Cruise Bruise

Cruise Tourism in Polar Regions
Promoting Environmental and Social Sustainability?

By Michael Luck - Patrick T. Maher - Emma J. Stewart

Cruise Ship Overboards Suicides
Cruise Ship Deaths Murders
Missing Passengers Crew
Cruise Ship Listing Sinking
Cruise Groundings Collisions
Cruise Fires Explosions Pirates

 

 

 

Cruise Tourism in Polar Regions
Promoting Environmental and Social Sustainability?

By Michael Luck - Patrick T. Maher - Emma J. Stewart

Cruise Tourism in Polar Regions Cruise Tourism in Polar Regions - Promoting Environmental and Social Sustainability?
By Michael Luck - Patrick T. Maher - Emma J. Stewart
Printed: July 7, 2010
ISBN: 978-1844078486
Routledge
Hardcover
Pages:272
$57.53 - Buy it at Amazon

Cruise Bruise was named as one of the sources for this book for two cases we feature the Albatros Travel Disko II Cruise Ship Grounding Off Greenland Coast and Spirit Of Cruise West Columbia Grounding Near Whittier, Alaska

Description From Amazon
Cruises are the primary form of tourism in the Polar Regions and cruise ship tourism in both the Arctic and Antarctic is expanding rapidly. The industry has moved beyond its infancy, and is now entering a maturing phase with increased numbers and types of vessels, more demanding routes, and more regular and predictable patterns of activity.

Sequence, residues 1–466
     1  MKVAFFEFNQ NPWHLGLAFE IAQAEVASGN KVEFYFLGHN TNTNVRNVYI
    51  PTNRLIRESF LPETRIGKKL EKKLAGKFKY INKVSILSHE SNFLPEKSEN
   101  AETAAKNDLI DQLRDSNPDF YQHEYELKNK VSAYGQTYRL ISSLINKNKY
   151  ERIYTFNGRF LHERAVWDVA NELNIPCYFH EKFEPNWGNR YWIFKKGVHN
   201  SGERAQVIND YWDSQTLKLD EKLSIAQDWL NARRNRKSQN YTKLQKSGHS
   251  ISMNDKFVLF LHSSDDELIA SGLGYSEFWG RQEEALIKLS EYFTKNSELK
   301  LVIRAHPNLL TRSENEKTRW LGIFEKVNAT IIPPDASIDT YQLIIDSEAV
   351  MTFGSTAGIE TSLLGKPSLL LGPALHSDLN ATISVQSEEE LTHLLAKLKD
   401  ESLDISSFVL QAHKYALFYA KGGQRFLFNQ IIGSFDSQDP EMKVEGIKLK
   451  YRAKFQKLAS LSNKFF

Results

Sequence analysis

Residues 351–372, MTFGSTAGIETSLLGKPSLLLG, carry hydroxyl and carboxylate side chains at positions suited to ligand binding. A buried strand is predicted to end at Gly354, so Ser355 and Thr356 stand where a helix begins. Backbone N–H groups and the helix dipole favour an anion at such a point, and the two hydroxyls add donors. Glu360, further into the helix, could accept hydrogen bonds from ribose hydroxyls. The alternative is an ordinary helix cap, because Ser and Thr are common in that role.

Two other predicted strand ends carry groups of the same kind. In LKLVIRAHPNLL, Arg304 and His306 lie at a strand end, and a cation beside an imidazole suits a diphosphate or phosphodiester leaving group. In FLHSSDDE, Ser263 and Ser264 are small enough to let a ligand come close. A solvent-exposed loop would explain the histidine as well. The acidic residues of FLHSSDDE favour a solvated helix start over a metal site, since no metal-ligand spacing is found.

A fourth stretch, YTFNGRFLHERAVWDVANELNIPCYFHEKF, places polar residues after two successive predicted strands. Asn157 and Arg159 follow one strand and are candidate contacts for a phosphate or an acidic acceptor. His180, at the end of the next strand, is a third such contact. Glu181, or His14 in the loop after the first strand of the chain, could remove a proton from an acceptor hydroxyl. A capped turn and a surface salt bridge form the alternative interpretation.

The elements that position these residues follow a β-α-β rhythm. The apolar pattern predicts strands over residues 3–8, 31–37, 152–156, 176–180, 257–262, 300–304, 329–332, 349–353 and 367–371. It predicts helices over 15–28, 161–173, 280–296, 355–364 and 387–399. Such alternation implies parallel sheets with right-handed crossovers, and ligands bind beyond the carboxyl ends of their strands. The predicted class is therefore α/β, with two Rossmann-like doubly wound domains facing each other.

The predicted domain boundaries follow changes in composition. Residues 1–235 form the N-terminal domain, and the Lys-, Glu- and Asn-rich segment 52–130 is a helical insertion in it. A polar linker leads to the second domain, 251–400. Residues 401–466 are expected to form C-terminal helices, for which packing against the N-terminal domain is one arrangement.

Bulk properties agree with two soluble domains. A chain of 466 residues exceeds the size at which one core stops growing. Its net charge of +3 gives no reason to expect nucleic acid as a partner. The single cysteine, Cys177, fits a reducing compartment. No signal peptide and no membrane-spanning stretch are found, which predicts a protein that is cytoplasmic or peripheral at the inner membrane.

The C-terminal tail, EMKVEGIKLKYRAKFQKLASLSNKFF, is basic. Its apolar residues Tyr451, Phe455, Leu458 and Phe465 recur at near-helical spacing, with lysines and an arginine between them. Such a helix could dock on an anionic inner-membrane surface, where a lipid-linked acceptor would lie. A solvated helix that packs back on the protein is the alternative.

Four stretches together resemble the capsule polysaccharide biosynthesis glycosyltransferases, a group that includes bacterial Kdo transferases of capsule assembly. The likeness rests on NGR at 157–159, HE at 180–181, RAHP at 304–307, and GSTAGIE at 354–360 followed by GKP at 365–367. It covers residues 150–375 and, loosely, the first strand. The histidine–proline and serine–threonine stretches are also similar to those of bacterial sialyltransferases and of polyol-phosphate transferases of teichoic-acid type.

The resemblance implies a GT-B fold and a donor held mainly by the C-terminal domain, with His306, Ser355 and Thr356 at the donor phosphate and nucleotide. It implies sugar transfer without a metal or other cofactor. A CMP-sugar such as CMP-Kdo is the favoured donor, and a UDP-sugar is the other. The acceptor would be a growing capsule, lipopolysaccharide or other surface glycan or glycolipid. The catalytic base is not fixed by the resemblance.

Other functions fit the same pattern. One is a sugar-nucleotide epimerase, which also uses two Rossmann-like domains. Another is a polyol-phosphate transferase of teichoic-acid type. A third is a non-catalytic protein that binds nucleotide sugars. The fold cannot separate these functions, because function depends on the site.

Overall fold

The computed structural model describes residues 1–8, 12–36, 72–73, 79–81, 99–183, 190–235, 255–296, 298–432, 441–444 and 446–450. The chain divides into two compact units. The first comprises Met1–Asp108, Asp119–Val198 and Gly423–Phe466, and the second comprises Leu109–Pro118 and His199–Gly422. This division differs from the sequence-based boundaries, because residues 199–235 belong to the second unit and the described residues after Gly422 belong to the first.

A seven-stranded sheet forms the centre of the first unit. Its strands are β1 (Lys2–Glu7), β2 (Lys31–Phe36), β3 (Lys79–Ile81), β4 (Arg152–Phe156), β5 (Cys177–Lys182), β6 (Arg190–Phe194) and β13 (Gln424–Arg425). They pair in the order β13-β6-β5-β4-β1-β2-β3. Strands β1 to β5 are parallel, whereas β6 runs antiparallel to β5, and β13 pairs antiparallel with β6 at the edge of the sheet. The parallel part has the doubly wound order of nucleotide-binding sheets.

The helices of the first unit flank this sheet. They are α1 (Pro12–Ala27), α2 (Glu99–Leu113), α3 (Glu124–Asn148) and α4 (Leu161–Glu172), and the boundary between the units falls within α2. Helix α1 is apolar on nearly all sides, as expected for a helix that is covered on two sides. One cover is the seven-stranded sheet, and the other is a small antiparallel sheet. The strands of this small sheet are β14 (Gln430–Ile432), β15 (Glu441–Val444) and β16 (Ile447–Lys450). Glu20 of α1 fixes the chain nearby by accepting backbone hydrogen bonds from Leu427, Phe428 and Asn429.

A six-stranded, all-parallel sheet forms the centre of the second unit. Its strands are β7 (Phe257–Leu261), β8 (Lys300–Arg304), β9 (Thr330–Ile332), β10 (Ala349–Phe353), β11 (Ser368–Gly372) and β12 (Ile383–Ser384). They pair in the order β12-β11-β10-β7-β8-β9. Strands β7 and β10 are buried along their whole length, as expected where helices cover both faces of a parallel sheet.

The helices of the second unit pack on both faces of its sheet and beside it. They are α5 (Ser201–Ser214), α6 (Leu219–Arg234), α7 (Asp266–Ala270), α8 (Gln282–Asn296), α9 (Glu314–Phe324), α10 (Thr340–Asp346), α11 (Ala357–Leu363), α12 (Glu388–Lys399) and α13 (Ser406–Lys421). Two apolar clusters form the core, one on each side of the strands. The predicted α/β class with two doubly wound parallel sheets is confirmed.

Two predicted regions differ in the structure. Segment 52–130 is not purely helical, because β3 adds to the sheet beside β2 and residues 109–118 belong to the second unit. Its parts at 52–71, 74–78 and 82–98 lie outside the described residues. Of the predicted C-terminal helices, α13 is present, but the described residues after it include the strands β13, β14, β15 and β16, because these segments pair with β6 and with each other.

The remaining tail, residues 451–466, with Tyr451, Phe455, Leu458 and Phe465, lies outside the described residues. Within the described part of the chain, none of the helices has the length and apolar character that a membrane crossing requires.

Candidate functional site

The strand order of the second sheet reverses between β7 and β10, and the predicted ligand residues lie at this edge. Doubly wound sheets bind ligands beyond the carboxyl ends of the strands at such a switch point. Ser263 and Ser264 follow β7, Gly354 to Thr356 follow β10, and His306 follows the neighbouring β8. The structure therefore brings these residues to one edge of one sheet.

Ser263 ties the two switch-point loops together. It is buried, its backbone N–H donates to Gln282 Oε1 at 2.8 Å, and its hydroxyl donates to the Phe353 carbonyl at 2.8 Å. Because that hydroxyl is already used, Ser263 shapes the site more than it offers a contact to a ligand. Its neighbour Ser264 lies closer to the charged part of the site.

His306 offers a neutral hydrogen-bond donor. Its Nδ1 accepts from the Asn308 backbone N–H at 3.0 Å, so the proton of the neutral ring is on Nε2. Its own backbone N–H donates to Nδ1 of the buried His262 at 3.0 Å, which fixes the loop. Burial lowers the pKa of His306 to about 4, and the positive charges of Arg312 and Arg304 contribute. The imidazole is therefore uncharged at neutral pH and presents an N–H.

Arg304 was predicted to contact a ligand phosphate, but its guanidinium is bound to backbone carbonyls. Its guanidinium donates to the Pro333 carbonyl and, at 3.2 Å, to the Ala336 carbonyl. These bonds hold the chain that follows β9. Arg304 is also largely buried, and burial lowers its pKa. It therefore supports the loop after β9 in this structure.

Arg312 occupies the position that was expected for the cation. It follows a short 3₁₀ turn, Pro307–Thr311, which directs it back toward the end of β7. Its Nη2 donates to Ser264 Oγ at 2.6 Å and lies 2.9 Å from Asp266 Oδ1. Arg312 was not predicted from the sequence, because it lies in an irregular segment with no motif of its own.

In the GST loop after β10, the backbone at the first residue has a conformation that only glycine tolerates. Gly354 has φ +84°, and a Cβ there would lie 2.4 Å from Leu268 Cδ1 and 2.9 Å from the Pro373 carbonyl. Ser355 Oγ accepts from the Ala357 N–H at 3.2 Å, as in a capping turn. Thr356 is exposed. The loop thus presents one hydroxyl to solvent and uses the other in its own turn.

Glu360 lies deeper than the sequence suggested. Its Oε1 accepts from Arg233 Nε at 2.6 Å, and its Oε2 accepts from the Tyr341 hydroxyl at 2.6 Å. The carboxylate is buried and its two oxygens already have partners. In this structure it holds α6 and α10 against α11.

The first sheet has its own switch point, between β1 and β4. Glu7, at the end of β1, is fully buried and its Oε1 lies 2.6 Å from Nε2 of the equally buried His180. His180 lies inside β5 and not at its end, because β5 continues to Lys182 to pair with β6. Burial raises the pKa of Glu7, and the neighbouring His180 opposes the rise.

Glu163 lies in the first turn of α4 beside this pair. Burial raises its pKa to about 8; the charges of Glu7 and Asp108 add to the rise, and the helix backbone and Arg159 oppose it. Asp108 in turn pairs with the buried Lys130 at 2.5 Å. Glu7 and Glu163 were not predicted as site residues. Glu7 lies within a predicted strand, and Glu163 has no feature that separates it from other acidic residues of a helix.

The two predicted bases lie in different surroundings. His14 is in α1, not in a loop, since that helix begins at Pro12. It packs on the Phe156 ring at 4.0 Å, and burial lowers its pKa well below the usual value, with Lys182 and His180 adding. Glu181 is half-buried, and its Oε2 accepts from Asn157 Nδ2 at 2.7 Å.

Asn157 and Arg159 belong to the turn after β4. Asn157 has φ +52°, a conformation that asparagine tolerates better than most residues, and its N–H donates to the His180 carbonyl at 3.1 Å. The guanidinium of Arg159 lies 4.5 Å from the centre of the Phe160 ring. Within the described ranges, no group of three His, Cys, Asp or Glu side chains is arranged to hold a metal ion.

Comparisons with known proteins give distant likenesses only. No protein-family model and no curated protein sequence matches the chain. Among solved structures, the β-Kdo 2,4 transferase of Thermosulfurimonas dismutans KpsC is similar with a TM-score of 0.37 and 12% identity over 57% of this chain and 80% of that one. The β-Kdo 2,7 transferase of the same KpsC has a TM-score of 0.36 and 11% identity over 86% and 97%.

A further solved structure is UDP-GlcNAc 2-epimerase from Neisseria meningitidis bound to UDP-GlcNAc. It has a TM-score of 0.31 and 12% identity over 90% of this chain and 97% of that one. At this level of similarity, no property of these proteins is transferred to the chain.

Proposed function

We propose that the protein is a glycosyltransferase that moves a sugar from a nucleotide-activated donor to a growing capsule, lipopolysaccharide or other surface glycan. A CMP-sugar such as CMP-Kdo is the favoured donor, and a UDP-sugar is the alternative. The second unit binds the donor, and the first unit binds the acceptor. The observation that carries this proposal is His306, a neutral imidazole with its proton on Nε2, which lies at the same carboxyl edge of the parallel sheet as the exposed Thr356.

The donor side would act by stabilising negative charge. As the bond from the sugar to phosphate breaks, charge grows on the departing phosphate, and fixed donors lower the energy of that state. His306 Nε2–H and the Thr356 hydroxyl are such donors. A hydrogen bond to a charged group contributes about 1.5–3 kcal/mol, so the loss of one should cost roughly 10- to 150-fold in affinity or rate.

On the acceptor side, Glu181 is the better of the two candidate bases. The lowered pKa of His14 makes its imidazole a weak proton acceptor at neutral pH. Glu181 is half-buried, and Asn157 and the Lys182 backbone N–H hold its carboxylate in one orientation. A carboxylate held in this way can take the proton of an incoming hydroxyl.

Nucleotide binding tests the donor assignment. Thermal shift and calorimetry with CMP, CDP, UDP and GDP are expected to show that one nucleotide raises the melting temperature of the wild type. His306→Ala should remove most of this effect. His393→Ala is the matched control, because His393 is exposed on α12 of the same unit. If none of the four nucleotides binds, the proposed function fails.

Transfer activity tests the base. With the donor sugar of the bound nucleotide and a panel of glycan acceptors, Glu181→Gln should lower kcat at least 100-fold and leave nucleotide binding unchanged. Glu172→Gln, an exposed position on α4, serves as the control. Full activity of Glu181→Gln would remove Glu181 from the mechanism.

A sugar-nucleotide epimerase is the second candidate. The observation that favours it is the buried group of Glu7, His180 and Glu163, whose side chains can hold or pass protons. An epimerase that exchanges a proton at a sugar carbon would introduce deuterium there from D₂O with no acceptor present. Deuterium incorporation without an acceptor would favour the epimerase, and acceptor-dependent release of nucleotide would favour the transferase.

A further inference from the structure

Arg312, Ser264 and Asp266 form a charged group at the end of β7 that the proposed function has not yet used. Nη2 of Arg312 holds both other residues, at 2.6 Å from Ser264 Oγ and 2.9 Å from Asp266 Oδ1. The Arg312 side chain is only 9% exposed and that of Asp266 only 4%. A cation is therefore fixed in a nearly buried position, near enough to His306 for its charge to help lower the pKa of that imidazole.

The increase in cruise activities, and the associated risks of accidents, as well as the potential and actual impacts of the large numbers of tourists in the polar regions bring with it management challenges for sustainable use of these regions.


This book discusses critically the issues around environmental and social sustainability of the cruise industry in Polar Regions. Authors from Canada, USA, Europe, Australia and New Zealand are experts in their respective fields and take an innovative, critical and at times controversial approach to the subject.

About the Authors
Michael Luck is an Associate Professor and Head of Department (Tourism & Events) in the School of Hospitality and Tourism, and Associate Director for the coastal and marine tourism research program area at the New Zealand Tourism Research Institute, both at AUT University in Auckland, New Zealand.

Patrick T. Maher is an Associate Professor in the Outdoor Recreation and Tourism Management Program at the University of Northern British Columbia, Canada.

Emma J. Stewart is a Senior Lecturer in Tourism and Parks at Lincoln University, NZ and is a Research Associate at the Arctic Institute of North America (AINA).